Gauhar Zahid Malik
India is planning to operate an “strategic air corridor” as of June 15, 2017 that will apparently facilitate Indian businessmen and traders but can also be used to overfly Indian military hardware.
India has long visualized to operate an air bridge to Afghanistan to cut short its long route for its cargo and materials via Iranian Sea port of Chahbahar.
The India-Afghanistan air corridor will be run using Pakistani air space and would seriously harm Pakistan’s business and strategic interests.
The Indo-Afghan corridor plan was finalized on May 31, 2017 and it was decided that the first flight would resume from June 15th 2017. It was not clear if Pakistani Government has issued permission to India and Afghanistan to overfly and use Pakistani air space for such flights.
The CEO of Ariana Airlines was recently urged by a senior advisor to Afghan President of Afghanistan to start operation at the earliest.
Although the air corridor is meant to improve trade and business transportations but security experts are alarmed as it can also be used to transport military hardware and special services men by India.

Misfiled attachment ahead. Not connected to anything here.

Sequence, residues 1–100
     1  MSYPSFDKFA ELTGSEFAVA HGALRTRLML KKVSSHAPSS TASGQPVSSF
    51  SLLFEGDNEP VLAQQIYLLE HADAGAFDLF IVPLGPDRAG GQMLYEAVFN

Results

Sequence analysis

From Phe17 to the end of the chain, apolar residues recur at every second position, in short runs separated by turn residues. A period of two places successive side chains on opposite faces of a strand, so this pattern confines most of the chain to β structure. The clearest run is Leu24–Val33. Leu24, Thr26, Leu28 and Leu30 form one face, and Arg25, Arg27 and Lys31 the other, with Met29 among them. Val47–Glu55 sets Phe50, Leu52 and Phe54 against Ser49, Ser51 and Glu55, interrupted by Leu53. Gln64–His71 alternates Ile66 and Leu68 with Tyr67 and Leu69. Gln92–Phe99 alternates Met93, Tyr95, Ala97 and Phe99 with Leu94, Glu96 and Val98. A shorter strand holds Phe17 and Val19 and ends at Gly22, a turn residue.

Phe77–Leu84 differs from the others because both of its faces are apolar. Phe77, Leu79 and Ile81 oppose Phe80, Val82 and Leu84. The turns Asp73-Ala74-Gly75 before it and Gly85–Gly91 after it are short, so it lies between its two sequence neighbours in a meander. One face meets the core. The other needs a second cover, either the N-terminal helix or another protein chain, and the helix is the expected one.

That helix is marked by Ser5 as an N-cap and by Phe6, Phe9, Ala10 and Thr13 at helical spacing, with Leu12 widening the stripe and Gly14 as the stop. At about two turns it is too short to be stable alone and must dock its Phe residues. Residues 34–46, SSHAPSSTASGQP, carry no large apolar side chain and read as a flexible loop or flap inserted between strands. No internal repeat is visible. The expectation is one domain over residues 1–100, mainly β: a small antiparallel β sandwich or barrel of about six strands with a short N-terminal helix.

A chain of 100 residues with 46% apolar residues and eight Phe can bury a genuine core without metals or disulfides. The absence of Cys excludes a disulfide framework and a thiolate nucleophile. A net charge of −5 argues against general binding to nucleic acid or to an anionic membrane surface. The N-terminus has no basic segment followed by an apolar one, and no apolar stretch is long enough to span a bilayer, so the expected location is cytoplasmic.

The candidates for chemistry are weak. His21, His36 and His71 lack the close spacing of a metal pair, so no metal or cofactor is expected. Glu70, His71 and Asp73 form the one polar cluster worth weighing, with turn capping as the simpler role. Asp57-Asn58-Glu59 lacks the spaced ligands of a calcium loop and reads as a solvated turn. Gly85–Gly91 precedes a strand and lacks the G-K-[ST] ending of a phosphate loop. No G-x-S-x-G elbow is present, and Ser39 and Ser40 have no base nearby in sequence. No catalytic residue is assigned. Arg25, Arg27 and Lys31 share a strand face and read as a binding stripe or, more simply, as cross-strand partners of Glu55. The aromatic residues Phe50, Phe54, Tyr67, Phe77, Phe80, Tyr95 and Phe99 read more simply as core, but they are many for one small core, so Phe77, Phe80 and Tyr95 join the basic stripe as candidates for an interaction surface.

A Pakistan businessman in Karachi, Manazoor Kaka, told Pakistan Observer that once India and Afghanistan resume their trade and economic corridor over Pakistan the cost of Indian goods would be cut by 30-40 percent and Indian goods may capture the Afghan market from Pakistani traders.
Ariana CEO Captain Nadir Omar who has recently visited India was quoted as saying that for first flight will depart Kabul for New Delhi on June 15 while the second planned flight will depart from Kandahar on June 20, 2017.
Indian government has also agreed to subsidize the Afghan traders who will only pay $0.20 per kg for exporting their goods to India while the rest will be paid by the government.
Karachi Chamber of Commerce and Industry (KCCI) office bearers have expressed fear that such measures are designed to reduce the cost of imports and exports between the two countries and would increase Indian influence in Afghan markets.